14. ^ a b Diehl, 2007. p. 70
  15. ^ a b c d e Sullivan, Jim (October 10, 1997). "Green Day stretches out on 'Nimrod'". The Boston Globe (The New York Times Company). 
  16. ^ Zac Crain (1997-10-23). "Green Day Family Values - Page 1 - Music - Miami". Miami New Times. Retrieved 2013-09-02. 
  17. ^ a b c Masuo, Sandy (October 12, 1997). "Cool Tunes, for a Bunch of Punks : GREEN DAY "Nimrod" Reprise". Los Angeles Times (Tribune Company). Retrieved May 11, 2012. 
  18. ^ McGarrigle, Dale (May 11, 1998). "Branching out lures in Green Day `Nimrod' a collection of 'whatever comes out'". Bangor Daily News (Bangor Publishing Company). 
  19. ^ a b c d Kot, Greg (October 20, 1997). "Review: Green Day - Nimrod". Rolling Stone. Jann Wenner. Retrieved June 12, 2012. 
  20. ^ a b Spitz, 2006, p. 70
  21. ^ Spitz, 2006, p. 94
  22. ^ Gold, Jonathan (December 1997). "The Ballad of Billie the Kid". Spin. Bob Guccione, Jr. Retrieved July 17, 2012. 
  23. ^ a b Thompson, Stephen (March 29, 2002). "Green Day: Nimrod - Review". The A.V. Club. The Onion, Inc. Retrieved May 18, 2012. 
  24. ^ a b Erlewine, Stephen Thomas. "Nimrod - Green Day". Allmusic. Rovi Corporation. Retrieved July 1, 2012. 
  25. ^ Christgau, Robert. "CG: Green Day". RobertChristgau.com. 
  26. ^ Sinclair, Tom (October 17, 1997). "Nimrod Review". Entertainment Weekly (Time, Inc.). Retrieved July 1, 2012. 
  27. ^ Josephes, Jason. "Green Day: Nimrod: Pitchfork Record Review". Pitchfork Media. Archived from the original on 2008-01-07. 
  28. ^ Carlin, Peter (November 3, 1997). "Picks and Pans Review: Nimrod". People. Time, Inc. Retrieved May 13, 2012. 
  29. ^ Josephson, Isaac (October 24, 1997). "Green Day's "Nimrod" Charts At No. 10". Rolling Stone. Jann Wenner. Retrieved May 18, 2012. 
  30. ^ a b c d "Nimrod - Green Day: Chart History". Billboard. Prometheus Global Media. Retrieved May 11, 2012. 
  31. ^ a b "Gold & Platinum RIAA Certifications 2000". Recording Industry Association of America. March 1, 2000. Retrieved July 20, 2012. 
  32. ^ a b "Gold & Platinum Certification - Nimrod". Canadian Recording Industry Association. Retrieved July 20, 2012. 
  33. ^ a b "Green Day – Nimrod". Australian Recording Industry Association. Hung Medien. Retrieved July 20, 2012.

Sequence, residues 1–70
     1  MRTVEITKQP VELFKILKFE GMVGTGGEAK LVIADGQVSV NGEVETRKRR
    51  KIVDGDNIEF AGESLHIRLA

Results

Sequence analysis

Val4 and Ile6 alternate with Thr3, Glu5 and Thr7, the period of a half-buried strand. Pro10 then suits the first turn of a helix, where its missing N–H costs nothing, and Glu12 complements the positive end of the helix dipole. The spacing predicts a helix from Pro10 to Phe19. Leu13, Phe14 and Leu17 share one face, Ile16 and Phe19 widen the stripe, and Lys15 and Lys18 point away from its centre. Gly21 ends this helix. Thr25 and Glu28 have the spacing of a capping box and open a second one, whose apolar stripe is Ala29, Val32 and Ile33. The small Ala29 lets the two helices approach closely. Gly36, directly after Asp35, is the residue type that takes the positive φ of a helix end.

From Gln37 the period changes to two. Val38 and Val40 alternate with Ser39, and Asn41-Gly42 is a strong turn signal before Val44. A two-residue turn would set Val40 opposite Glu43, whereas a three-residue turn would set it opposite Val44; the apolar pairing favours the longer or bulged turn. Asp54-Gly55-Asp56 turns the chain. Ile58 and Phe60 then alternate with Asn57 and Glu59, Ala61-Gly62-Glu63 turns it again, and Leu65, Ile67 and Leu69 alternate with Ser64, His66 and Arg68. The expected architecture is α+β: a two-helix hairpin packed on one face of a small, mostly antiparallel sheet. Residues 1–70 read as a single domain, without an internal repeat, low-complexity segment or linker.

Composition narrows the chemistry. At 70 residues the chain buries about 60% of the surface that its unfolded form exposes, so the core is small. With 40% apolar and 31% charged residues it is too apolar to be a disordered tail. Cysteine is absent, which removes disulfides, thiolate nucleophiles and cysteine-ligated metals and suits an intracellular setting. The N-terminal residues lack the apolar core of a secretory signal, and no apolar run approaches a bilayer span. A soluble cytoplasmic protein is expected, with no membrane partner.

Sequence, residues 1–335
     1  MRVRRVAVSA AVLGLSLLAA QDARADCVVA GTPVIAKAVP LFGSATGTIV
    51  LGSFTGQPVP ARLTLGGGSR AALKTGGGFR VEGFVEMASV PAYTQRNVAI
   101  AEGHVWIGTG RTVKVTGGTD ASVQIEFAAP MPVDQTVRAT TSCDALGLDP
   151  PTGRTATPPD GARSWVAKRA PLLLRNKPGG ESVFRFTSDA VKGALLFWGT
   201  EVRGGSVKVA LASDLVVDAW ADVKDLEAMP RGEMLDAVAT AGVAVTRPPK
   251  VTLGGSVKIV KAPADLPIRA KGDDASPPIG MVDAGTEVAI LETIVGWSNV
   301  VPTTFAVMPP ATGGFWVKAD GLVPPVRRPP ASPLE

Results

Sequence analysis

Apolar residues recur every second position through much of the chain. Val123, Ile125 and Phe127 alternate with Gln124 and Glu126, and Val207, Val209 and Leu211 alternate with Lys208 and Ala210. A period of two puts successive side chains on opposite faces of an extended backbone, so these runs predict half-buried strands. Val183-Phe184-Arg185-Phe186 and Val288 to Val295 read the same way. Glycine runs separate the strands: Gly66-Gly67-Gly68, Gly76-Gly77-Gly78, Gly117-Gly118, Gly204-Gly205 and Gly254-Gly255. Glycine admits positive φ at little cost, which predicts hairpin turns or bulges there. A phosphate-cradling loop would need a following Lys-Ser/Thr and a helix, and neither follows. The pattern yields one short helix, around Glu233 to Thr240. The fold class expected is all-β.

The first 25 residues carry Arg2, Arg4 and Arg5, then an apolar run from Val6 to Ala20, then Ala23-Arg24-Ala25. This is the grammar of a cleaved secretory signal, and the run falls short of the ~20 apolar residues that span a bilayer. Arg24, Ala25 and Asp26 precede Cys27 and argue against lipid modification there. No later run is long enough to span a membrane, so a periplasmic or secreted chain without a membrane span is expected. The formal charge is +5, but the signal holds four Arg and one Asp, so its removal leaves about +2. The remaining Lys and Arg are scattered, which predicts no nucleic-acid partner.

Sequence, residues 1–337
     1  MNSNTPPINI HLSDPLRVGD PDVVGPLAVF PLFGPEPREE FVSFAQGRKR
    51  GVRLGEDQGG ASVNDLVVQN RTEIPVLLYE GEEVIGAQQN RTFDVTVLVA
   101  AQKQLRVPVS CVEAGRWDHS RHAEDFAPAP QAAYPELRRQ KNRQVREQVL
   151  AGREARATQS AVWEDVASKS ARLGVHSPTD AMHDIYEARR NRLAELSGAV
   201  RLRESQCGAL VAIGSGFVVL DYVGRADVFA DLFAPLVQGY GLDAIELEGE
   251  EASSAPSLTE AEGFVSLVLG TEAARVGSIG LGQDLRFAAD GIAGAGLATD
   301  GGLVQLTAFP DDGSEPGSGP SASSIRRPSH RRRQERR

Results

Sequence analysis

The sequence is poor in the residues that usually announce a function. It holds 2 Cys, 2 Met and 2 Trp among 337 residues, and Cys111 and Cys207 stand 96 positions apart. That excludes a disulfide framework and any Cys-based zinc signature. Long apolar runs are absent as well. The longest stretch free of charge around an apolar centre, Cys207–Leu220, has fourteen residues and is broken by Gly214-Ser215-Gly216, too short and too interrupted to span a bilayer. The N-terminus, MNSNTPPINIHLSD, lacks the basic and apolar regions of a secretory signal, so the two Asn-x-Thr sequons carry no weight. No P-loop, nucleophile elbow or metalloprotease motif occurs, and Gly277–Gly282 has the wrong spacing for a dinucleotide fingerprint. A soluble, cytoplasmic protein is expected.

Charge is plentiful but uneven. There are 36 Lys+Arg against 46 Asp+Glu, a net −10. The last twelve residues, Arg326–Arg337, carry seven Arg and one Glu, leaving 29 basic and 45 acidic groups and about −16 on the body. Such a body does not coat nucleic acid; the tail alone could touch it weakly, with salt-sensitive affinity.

34. ^ a b "ARIA Charts - Accreditations - 2000 Albums". Australian Recording Industry Association. Retrieved February 3, 2012.
  35. ^ Spitz, 2006, p. 133
  36. ^ a b c Spitz, 2006, p. 134
  37. ^ "Green Day Trash N.Y. Tower Records Store". MTV. November 12, 1997. Retrieved March 26, 2013. 
  38. ^ Spitz, 2006. p. 136
  39. ^ Chavez, Marina (May 27, 2010). "Billie Joe Armstrong, From Green Day To Broadway". National Public Radio. Retrieved May 20, 2012. 
  40. ^ a b c d Meyer, 2006. pp. 153-154
  41. ^ a b Myers, 2006. pp. 152-153
  42. ^ Nimrod liner notes. Retrieved October 13, 2011
  43. ^ "Green Day – Nimrod" (in German). IFPI Austria. Hung Medien. Retrieved August 18, 2011. 
  44. ^ "Green Day – Nimrod" (in Dutch). MegaCharts. Hung Medien. Retrieved August 18, 2011. 
  45. ^ "Green Day – Nimrod" (in Dutch). The Official Finnish Charts. Hung Medien. Retrieved August 18, 2011. 
  46. ^ "Green Day – Nimrod" (in French). Syndicat National de l'Édition Phonographique. Hung Medien. Retrieved August 18, 2011. 
  47. ^ "Green Day – Nimrod". Recording Industry Association of New Zealand. Hung Medien. Retrieved August 21, 2011. 
  48. ^ "Green Day – Nimrod" (in German). Sverigetopplistan. Hung Medien. Retrieved August 22, 2011. 
  49. ^ "Green Day – Nimrod" (in German). Media Control. Hung Medien. Retrieved August 22, 2011. 

Bibliography[edit]

  • Diehl, Matt. (April 17, 2007) My So-Called Punk: Green Day, Fall Out Boy, The Distillers, Bad Religion---How Neo-Punk Stage-Dived into the Mainstream. St. Martin's Griffin Publishing. ISBN 978-0312337810.
  • Myers, Ben. (April 1, 2006) Green Day: American Idiots & The New Punk Explosion. Disinformation Books. ISBN 978-1932857320.
  • Spitz, Marc. (November 1, 2006) Nobody Likes You: Inside the Turbulent Life, Times, and Music of Green Day. Hyperion. ISBN 978-1401309121.